The many benefits of learning in a child’s native language

Once a child can read in their first language, this ability transfers rapidly to the second language.

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A University of Chicago study found that by the time “English learners” were in the eighth grade, nearly 80 percent were proficient in English. Ashlee Rezin Garcia/Sun-Times

Thanks to the Sun-Times for publicizing one of the most important but least-known findings in education, just confirmed by the University of Chicago’s Consortium on School Research, in the recent editorial “When Chicago schools meet immigrant families halfway, kids learn”.

As reported, the Chicago research showed that development of the child’s first language means better English and better school performance in general.

Here is why:

When children get quality education in their first language, they learn more subject matter. This knowledge helps make the English the children hear more comprehensible, which results in more acquisition of English.

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Also, it is much faster to learn to read in a language the child understands. Once the child can read in the first language, this ability transfers rapidly to the second language.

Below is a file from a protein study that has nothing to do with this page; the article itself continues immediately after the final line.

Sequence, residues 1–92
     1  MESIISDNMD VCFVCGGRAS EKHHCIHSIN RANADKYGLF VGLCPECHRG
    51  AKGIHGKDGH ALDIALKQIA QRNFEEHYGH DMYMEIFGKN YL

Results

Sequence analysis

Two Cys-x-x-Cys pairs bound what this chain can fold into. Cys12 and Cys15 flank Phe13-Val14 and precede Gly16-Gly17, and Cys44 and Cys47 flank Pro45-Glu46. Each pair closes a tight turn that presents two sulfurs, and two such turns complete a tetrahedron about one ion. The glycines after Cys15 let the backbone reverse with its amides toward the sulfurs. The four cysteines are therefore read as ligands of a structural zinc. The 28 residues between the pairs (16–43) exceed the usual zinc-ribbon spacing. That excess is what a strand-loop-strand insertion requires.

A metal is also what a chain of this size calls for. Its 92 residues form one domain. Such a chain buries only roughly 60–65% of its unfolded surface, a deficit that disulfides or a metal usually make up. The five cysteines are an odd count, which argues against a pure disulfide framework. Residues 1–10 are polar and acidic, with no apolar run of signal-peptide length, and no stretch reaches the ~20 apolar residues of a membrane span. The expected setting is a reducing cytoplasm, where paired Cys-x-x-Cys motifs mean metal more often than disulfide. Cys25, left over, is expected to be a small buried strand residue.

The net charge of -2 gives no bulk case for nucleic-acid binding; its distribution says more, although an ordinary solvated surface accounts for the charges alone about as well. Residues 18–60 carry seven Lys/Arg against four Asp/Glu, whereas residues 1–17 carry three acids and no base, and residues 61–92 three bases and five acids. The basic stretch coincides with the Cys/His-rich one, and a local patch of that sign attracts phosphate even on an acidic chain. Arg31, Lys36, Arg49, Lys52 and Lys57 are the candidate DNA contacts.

Good bilingual programs teach subject matter and develop literacy in the first language. They start English-as-a-second-language classes immediately, and teach subject matter in English as soon as it can be made comprehensible.

Research consistently shows that students in quality bilingual programs outperform students in all-English “immersion” programs on tests of English reading.

We all recognize the importance of acquiring English.

“Meeting immigrant families halfway” by providing some instruction in the first language, is the best way to make sure this happens.

Stephen Krashen, Albany Park

Eddie Johnson must be held accountable

As usual, columnist Mary Mitchell clearly addresses the issues and concerns surrounding former Chicago Police Supt. Eddie Johnson and Bernard Kersh.

Bad choices were made by Johnson and those who were involved in an alleged cover-up. They are not necessarily bad people, but there has to be accountability for those choices.

The situation with Bernard Kersh may be complex, but he assaulted a police officer. That officer now has to worry about the possible exposure to disease. Though the body- slamming of Kersh is difficult to see, I believe the officer showed considerable restraint.

If Kersh had spit on someone else, he might now be dead.

Barbara Marion, Orland Park

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